It is simply not a complete picture of nature to take the picture of the elk painted above as the whole story. Suppose we view the same story from the predator’s perspective. A hungry Wolf has been roaming for days in search of a meal, its cubs starving back at its den, its partner on its last legs as well, this final hunt will consume the last of her energy as she searches for something to eat not just for her but for her cubs and her mate who is diligently guarding the den from coyotes who equally need a meal to survive. No suppose the wolf finds a young elk that is significantly slower then the rest of its heard but is otherwise quite healthy. How does intervention to reduce suffering look in this picture which is the reality of wild nature? It is not good or bad, it just is – and it is an extremely beautiful and tragic process that we can and do hold to be something tremendously valuable. To intervene in wild nature would be to turn this scene into a controlled environment – all because of our sentiment towards suffering. We would lose something very valuable by going down that road – indeed conservation in general would lose its vigour and value because to act to prevent events such as those described would be to humanise and anthropomorphise nature. Suffering for an individual animal is not a good thing, but in nature it is a part of life, and is itself a beautiful and tragic thing at the same time.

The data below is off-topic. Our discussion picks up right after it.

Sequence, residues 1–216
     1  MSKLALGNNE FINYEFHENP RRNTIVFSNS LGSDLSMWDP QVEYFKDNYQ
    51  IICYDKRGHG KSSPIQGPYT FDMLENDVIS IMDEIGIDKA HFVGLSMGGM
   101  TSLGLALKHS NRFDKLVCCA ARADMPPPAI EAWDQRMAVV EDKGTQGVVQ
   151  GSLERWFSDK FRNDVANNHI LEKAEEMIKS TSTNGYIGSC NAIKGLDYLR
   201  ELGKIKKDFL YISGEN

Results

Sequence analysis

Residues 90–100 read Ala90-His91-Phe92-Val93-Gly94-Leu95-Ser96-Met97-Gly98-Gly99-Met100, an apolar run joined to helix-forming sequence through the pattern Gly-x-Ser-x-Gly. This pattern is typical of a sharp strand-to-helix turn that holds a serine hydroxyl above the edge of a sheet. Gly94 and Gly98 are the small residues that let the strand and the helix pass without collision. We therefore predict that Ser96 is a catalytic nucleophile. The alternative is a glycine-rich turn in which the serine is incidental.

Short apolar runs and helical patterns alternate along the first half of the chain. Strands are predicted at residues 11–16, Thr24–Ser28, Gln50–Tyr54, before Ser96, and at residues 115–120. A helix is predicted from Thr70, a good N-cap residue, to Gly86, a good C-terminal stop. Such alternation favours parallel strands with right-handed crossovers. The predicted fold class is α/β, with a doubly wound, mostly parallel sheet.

Another consideration is the idea of what happens when populations grow to unsustainable levels such as that of Elk in Yellowstone in the 1980s? Do we intervene and keep feeding the Elk to ensure they don’t starve allowing them to keep breading towards even more unsustainable levels? In nature unlike in agriculture the Malthusian problem is extremely prevalent and important for understanding animal population levels. Malthus argued that populations find stable levels and tend to operate within a constraint between periods of starvation when numbers get too high, and over breading when numbers get too low. When numbers are high food runs low, and starvation ensues and when numbers drop food becomes plentiful and populations tend to over compensate due to the abundance of food. Now this is a little different in agriculture where we have developed methods for gathering more food with the same amount of land through technological developments, but all life is nevertheless bound within a band like this. One objection is often pointed out is that we will operate in the case of humans to prevent starvation, so why not animals? This is a debate which has preoccupied thinkers in this area for a long time and it is something I will explore as we go on.

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Note: I am currently working on a larger paper at the moment so I do apologise for the reduced amount of content. I will probably remain a little scarce for another week or two, before hopefully getting back into a good blog writing routine again.